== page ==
“Stop bringing us problems. Start brings us solutions. This is America!” An angry State Department official demanded of Rory Stewart years ago when the US was trying to change Afghanistan. The UK-born advisor knew a lot about the region, but wasn’t giving US Officials the answers they wanted to hear. “Stop telling us what we can’t do, and start telling us what we can do and how to do it.”
What’s the solution? What about the day after? Sound familiar? To be clear, there’s nothing wrong with seeking remedies. Who among us doesn’t want relief from back-pain or a kink in your neck? And driving forward more promising policies is always a good idea.
Still, hasty solutions to complicated problems rarely work. This may be, in part, due to our tendency to overestimate what we know, while, at the same time, underestimating what’s uncertain.
We welcome new tools that help us attain the goals we set. Reliable tools extend our strengths. The hammer in the carpenter’s hand. The pair of binoculars for a soldier’s eyes. Yet as much as they can extend our strengths, they also may alter them. Once upon a time, I used to remember a friend’s telephone number.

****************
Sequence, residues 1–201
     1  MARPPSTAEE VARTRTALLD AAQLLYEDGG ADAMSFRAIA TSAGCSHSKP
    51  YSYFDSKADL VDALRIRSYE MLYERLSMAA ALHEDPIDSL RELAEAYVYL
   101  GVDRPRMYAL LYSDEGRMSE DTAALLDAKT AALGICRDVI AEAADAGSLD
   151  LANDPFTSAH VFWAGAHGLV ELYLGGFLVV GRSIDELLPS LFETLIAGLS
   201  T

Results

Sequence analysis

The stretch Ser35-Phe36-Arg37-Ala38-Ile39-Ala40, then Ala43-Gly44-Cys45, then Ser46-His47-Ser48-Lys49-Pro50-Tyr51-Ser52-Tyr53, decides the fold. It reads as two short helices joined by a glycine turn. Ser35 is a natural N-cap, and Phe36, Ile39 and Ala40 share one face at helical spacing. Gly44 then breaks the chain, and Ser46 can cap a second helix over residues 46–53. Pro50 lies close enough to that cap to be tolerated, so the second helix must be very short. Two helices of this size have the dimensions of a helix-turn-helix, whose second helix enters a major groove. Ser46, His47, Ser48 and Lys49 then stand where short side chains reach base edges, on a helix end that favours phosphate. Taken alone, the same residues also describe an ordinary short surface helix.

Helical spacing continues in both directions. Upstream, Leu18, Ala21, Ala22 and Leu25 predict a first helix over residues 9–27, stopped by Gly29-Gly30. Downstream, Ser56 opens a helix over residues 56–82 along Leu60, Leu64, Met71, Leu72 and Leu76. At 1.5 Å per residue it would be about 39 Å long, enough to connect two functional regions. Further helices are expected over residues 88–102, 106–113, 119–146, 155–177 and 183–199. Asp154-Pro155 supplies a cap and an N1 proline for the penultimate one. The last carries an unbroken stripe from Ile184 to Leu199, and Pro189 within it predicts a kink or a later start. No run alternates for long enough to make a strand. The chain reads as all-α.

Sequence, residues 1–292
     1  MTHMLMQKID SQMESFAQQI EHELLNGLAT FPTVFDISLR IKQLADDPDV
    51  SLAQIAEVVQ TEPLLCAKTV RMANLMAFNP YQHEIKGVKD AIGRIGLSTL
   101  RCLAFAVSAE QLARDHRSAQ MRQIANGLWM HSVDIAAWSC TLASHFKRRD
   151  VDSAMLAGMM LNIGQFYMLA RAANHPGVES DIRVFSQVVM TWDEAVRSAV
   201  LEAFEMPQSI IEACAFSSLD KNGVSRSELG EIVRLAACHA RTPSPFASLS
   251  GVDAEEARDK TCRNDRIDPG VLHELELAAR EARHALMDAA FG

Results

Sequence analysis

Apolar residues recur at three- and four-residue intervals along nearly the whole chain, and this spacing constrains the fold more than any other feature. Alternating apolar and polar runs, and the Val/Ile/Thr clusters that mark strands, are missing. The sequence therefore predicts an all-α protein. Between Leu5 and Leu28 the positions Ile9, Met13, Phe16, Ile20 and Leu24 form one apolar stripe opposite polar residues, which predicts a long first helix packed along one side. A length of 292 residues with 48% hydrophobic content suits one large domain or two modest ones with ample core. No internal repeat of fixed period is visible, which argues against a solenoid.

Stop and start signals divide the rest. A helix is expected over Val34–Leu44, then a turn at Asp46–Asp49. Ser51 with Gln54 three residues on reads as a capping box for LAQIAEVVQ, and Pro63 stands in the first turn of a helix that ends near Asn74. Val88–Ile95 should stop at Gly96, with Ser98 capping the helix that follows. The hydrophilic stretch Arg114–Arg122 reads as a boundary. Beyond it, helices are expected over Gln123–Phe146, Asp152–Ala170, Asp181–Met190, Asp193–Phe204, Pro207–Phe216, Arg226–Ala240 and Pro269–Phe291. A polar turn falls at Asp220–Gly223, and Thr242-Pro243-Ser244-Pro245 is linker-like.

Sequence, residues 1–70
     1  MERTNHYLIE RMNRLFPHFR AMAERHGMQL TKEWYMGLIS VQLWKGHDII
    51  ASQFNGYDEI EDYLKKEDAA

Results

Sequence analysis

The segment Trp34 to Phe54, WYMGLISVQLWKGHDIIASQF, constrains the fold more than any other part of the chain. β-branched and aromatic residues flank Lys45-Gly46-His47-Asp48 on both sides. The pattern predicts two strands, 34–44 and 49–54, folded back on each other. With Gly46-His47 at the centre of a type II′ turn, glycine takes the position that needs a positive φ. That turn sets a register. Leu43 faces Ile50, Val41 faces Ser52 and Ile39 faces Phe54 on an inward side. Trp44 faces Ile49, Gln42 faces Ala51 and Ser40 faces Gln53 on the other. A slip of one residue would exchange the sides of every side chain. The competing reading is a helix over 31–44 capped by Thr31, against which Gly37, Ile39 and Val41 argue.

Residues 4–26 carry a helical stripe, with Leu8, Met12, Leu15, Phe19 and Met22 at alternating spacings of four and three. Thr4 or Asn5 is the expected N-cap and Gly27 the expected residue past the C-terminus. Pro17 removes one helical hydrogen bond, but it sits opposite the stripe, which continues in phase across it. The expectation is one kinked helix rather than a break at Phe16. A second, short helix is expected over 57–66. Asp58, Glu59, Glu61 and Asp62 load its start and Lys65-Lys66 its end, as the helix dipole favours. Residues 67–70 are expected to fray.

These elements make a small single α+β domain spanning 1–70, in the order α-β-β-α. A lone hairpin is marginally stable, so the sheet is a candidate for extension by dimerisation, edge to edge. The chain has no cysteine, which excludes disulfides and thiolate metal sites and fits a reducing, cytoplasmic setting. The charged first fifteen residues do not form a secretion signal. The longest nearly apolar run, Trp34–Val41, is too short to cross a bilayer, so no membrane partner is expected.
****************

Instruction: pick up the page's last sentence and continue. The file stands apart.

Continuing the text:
A marvelous new Journal called Sapir came on the scene a few years ago. It collects fresh ideas and puts more eyes onto problems. It derives its name from a word in this week’s portion of Torah. Atop Sinai, following the Ten Commandments, Moses and the Elders experience a personal audience with God. It’s highly enigmatic. Mystics love it. And our word, Sapir, which can mean sapphire, as in sky-blue bricks or, perhaps, clarifying and purifying stories (l’sapair), flow forth in the form of revealed divine wisdom (Ex. 24:10).
Bret Stephens, its founding editor, has a rich essay in the most recent issue on President Lincoln’s approach to technology. On the eve of Lincoln’s birthday, our 16th President’s counsel about new inventions feels remarkably current. “The test of any technology is whether it makes us more human, not less,” the essay concludes.
It’s worth recalling that the things that make us most human are the least computable. Things like empathy and volition, knowing what it means to be in love or to be hurt.
One of the recurring concerns about tools is that we become extensions of them. Rather than vice versa. Just as we tend to become what we worship, so too our dependence upon a tool can become a codependence. Maybe this also applies to an addiction to a stubborn instance of finding solutions to all problems.
Let’s aim for a more modest solution: a Gaza and a Lebanon and a Syria and a Yemen and a Palestinian town that’s a more prosperous and less predatory place.
Until then, may we strive to bring more humility to our solutions and more humanity to the tools we use to enact them.